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FTC Could Curb Microsoft's Metaverse Ambitions with Activision Lawsuit

Is it “game over” for Microsoft's purchase of Activision Blizzard, developers of Call of Duty?

3 min read
Microsoft is buying Call of Duty publisher Activision Blizzard. Image: Activision Blizzard

On Thursday, the Federal Trade Commission announced a lawsuit to block Microsoft from acquiring Activision Blizzard, developers of the Call of Duty and Overwatch franchises. The FTC alleges the deal would give Microsoft an unfair advantage over its competitors in the gaming industry, essentially creating a monopoly.

Microsoft announced the planned acquisition, reportedly worth $68.7 billion, in January. The FTC called it the largest ever deal in the video gaming industry.

"Microsoft has already shown that it can and will withhold content from its gaming rivals," Holly Vedova, Director of the FTC's Bureau of Competition, said in a statement. "Today we seek to stop Microsoft from gaining control over a leading independent game studio and using it to harm competition in multiple dynamic and fast-growing gaming markets."

The lawsuit, if successful, would put a snag in Microsoft's push into the still-nascent metaverse. The company has taken several steps in that direction, including joining Meta, main rival Sony, and others to create an "Open Metaverse.”

The Metaverse Standards Forum says it aims to foster coordination and cooperation between companies looking to create the next iteration of the internet.

The FTC cited Microsoft's acquisition of Bethesda Games Studios, creators of the Fallout and Elder Scrolls franchise, and making its Starfield and Redfall games exclusive to its flagship Xbox console.

Blockchain developers have expressed concerns about companies like Microsoft and Meta dominating the next internet and building closed ecosystems and walled gardens, which Meta has denied. Other concerns relate to the lack of ownership potential that a metaverse developed by major Web2 corporations would have for gamers.

While Microsoft is stepping into the metaverse, it appears that the company has no intention of allowing "Web3" products, like non-fungible tokens or NFTs, into its existing virtual worlds. In July, the company banned NFTs on its game servers, including the global phenomenon Minecraft.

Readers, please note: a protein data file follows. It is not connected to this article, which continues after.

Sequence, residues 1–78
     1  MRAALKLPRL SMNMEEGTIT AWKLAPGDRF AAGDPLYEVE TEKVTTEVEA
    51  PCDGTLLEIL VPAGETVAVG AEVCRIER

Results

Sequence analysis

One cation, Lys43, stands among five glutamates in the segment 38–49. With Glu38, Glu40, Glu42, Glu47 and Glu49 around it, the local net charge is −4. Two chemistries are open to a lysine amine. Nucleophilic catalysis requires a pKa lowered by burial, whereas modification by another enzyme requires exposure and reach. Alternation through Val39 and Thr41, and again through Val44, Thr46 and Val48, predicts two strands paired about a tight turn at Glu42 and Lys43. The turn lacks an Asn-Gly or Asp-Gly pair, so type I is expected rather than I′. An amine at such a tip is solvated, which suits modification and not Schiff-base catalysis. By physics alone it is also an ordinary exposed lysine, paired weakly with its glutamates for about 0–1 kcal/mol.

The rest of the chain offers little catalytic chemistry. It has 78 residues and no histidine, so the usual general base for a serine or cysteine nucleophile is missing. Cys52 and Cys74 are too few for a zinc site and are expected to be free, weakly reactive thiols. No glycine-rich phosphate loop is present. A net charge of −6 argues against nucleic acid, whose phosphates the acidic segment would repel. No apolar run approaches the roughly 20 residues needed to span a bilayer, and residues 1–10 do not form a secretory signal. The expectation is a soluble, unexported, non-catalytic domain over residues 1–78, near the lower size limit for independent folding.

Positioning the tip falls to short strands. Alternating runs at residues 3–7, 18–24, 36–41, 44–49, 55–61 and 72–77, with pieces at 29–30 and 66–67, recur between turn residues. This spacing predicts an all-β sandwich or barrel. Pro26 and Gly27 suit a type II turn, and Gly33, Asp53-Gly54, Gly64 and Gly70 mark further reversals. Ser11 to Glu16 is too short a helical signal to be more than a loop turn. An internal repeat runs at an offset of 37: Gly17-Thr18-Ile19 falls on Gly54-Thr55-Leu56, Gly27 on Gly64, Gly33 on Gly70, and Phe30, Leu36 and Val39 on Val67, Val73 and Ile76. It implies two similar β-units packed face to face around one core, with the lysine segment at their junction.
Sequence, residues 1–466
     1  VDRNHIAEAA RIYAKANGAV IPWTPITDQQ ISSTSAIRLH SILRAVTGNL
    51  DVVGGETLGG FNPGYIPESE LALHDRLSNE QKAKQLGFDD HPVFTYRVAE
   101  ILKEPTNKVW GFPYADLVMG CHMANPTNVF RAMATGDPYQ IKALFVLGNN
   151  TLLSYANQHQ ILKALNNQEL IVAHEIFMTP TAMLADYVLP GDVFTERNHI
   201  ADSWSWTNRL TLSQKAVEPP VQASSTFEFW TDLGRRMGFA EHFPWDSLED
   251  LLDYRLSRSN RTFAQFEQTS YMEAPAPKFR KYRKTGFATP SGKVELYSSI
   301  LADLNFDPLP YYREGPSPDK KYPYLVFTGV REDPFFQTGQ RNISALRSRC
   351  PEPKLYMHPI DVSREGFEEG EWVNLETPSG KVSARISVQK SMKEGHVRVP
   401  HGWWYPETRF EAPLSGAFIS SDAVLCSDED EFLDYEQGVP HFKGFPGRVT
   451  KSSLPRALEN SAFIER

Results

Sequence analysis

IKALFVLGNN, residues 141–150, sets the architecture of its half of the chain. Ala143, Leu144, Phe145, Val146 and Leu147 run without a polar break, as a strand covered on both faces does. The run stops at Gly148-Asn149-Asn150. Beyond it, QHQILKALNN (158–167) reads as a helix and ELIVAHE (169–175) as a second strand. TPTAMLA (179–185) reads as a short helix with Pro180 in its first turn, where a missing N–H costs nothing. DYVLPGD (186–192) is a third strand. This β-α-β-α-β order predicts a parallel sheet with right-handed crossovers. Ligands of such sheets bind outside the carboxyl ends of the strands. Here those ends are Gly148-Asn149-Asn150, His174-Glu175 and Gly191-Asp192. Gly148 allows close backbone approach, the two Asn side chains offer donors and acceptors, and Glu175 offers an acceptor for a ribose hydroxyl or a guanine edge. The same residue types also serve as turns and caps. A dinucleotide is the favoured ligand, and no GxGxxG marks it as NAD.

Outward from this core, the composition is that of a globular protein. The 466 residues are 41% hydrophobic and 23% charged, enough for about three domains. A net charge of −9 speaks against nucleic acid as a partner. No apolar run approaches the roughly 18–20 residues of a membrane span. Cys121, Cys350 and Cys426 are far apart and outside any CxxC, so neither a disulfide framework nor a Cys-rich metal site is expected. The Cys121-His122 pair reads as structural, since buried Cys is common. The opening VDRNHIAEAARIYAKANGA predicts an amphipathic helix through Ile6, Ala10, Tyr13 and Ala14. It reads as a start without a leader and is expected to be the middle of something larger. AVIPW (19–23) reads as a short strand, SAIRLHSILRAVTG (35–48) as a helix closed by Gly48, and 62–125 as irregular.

"To ensure that Minecraft players have a safe and inclusive experience, blockchain technologies are not permitted to be integrated inside our client and server applications," the company said in a news post. "Nor may Minecraft in-game content such as worlds, skins, persona items, or other mods, be utilized by blockchain technology to create a scarce digital asset."

The FTC says that if the Activision Blizzard deal goes through, it will give Microsoft the means and motives to harm competition by manipulating pricing, game quality, and player experience on Activision games on rival platforms and game services.

In response to the FTC lawsuit, Activision CEO Bobby Kotick wrote: “The allegation that this deal is anti-competitive doesn’t align with the facts, and we believe we’ll win this challenge.”

Jeb Boatman, Senior Vice President of Litigation, Regulatory, and Public Policy Law at Activision Blizzard, sent an open letter to employees asserting that it's very unlikely that Microsoft would make its "Call of Duty" games an Xbox exclusive.

"Microsoft has spent the last year promising global regulators, tens of millions of players, and competing consoles and platforms that they won’t do that," Boatman wrote. "Do people really think that Microsoft—one of the world’s most respected companies—would risk its reputation and relationships to go back on that promise?"

“The player backlash would be disastrous," he added. "It would destroy Microsoft’s trust with players and its brand, something Microsoft has spent decades building and protecting."

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